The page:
The day Campbell tried to bring Muslims 'on message'
06 August 2003
The true extent of Alastair Campbell’s Rasputin-like control over the inner workings of the government machine is gradually unfolding. It is staggering that a party political appointee like him could chair a planning meeting of the Joint Intelligence Committee, the senior most cross-departmental group in this field, as he did on 9 September 2002, and could make “drafting suggestions” to its chairman, John Scarlett on the dossier which said that Saddam's weapons posed a "serious and current threat" (26 June 2003, The Daily Telegraph). The Muslim representatives who were ushered into No. 10 on 27 September 2001 to discuss the crisis were probably unaware of his reach when he sidled up and told them "You guys have got a selling job to do” (reported in the Daily Telegraph, 19 October 2001). Campbell assumed that the Muslim leaders would obediently come ‘on message’ on the imminent war in Afghanistan.
The delegation may have taken his remark lightly, but Campbell is a man accustomed to seeing his pronouncements accepted as orders (the Fleet Street insight is that when Campbell asks a Minister to jump, the response is not ‘why’, but rather, ‘how high’).
After the Downing Street meeting, representatives from The Muslim Council of Britain refused to condone military action as a way forward. Its Press Release of 9 October stated, “British Muslims want justice to be done for the horrifying events of September 11th. These day and night strikes - which are already leading to innocent civilians deaths amongst the long-suffering Afghan population - will not achieve this purpose…These attacks will only lead to further polarisation in the world. This will not be a fitting memorial to those who died in the September 11th atrocities". Campbell was slighted.
A few weeks later The Times (26 October 2001) carried a report stating that the MCB Secretary General, at the time Yousuf Bhailok, was causing Downing Street ‘embarrassment’ due to “complaints that he has associated with international terrorists. Mr Bhailok was a speaker at a conference in Tehran on the Palestinian intifada, along with the leaders of Hezbollah, Hamas, Islamic Jihad and the Popular Front for the Liberation of Palestine. He was reported to have called for economic sanctions against Israel, and to have said that his organisation had [not participated] in Britain's Holocaust Memorial Day because of the continuing ‘genocide’ against Palestinians.”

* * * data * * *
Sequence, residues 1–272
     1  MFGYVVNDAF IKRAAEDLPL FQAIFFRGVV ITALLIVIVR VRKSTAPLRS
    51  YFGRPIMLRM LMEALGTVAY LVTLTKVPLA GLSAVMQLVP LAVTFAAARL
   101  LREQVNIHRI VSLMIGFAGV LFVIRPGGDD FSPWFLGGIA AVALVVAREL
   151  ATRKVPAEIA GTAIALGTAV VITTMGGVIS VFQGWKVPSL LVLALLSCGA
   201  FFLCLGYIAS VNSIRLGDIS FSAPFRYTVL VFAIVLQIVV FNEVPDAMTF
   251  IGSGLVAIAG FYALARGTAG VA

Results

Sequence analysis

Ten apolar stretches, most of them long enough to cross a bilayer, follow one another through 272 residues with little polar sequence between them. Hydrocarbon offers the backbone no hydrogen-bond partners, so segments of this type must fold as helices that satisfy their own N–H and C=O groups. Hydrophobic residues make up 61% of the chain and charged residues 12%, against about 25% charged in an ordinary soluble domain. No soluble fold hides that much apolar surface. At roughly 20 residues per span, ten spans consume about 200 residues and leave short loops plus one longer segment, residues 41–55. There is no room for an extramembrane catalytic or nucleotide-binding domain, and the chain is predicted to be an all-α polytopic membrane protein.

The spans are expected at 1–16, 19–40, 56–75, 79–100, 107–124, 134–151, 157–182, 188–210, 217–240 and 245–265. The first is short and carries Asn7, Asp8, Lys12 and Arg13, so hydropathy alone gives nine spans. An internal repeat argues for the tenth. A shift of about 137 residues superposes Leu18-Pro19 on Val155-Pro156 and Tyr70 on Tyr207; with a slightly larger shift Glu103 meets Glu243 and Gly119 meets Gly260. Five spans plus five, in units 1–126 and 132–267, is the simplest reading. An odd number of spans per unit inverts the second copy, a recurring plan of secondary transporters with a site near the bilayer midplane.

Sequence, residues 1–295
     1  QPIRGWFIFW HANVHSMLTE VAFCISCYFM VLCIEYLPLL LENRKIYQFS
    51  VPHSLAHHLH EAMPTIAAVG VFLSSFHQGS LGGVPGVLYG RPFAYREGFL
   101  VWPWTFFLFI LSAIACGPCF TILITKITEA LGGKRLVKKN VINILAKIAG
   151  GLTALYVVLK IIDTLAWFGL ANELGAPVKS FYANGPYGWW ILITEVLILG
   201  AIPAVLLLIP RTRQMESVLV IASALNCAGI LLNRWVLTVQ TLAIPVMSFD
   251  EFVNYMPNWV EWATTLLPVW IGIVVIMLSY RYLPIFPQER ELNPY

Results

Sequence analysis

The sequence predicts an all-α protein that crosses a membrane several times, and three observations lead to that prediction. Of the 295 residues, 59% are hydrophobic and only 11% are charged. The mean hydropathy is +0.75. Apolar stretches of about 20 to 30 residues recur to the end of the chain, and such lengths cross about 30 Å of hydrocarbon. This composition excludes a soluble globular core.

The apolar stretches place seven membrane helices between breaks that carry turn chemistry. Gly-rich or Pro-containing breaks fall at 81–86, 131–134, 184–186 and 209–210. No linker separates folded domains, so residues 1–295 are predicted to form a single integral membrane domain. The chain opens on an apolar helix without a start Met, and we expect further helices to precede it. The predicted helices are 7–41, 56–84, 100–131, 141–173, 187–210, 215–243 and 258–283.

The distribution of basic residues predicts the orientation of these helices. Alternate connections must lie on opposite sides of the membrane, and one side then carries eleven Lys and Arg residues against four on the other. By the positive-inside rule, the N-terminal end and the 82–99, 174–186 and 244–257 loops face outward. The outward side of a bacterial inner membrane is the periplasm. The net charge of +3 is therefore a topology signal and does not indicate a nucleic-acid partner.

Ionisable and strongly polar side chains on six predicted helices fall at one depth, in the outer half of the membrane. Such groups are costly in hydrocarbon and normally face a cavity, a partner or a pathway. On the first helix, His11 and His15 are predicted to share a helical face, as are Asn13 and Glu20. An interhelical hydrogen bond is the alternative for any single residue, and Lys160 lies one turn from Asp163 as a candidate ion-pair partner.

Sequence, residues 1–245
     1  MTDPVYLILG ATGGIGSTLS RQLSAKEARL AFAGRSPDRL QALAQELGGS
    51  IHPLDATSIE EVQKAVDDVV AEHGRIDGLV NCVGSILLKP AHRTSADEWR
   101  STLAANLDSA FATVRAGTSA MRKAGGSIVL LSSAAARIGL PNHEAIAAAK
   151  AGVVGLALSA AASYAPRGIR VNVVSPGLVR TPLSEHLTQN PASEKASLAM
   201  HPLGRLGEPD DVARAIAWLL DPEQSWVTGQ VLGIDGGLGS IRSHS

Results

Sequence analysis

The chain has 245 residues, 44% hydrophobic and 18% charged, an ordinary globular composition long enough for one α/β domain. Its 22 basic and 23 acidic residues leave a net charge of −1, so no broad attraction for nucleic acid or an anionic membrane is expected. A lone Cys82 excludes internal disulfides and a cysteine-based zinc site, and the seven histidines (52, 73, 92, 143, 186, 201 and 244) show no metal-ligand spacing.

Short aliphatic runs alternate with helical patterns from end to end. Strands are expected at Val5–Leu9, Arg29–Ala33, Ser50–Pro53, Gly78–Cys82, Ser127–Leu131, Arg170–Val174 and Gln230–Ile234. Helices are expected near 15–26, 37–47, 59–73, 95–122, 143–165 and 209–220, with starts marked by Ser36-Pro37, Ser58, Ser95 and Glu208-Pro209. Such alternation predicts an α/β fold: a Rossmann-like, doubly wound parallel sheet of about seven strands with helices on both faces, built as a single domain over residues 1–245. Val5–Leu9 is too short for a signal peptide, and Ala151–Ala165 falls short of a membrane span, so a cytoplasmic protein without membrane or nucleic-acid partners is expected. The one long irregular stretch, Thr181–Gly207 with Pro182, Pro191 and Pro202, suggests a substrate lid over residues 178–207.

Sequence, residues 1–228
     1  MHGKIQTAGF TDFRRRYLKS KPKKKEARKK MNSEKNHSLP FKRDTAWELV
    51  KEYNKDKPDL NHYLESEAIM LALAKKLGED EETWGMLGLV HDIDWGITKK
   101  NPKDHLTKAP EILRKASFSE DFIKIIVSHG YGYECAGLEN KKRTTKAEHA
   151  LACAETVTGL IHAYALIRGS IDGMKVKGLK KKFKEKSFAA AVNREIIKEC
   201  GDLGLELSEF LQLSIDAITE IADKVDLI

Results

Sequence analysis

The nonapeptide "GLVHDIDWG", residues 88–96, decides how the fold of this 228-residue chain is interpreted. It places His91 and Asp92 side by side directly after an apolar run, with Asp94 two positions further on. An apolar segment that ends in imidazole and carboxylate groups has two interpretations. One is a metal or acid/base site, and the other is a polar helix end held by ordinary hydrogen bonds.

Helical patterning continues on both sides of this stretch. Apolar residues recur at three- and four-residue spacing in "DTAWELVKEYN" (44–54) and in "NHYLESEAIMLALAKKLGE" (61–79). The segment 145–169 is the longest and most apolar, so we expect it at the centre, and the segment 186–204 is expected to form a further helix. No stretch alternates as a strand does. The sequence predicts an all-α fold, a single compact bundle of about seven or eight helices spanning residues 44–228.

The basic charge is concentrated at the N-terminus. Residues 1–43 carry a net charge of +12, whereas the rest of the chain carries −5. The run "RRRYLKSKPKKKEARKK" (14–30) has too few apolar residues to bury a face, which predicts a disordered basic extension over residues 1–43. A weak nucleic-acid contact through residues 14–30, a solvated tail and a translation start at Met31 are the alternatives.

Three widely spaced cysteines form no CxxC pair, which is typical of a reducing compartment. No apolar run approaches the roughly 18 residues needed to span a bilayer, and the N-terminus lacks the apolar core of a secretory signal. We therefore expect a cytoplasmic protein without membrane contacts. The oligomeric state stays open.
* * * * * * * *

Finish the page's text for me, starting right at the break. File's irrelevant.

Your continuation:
The Times journalist with this awareness of what does and does not cause Downing Street’s ‘embarrassment’ was Tom Baldwin, who, it now emerges, is a soul mate of the latter-day Rasputin: “I know a little about both Campbell and Gilligan. If it came down to a question of whom to trust, I would opt for the former … on this issue the BBC does not stand for principle but Blundering Bombastic Cynicism” (Times Online, 18 July 2003). Were Baldwin’s revelations on the MCB’s attendance of an Islamic conference in Iran Campbell inspired, drawing on access to intelligence reports?
All the evidence points to Baldwin being one of Downing Street’s chosen recipients for inspired leaks, including the current Kelly tragedy. The Telegraph observes that “Tom Baldwin, political writer of the Times and a close friend of Mr Campbell, denied yesterday that it was leaked to him, although it was certainly obtained first by the Times and in his report Baldwin specifically cited Downing St sources for Dr Kelly's identification” (19 July 2003).
The lesson for the British Muslim community’s elected representatives is that they should continue standing up to any future sultans of spin and be true to their constituency.
‘New lease of life for the bored sultans of spin’, by Rachel Sylvester http://www.telegraph.co.uk/news/main.jhtml?xml=/news/2003/06/26/ncamp26.xml
‘MCB opposes war on Afghans – Insists on Justice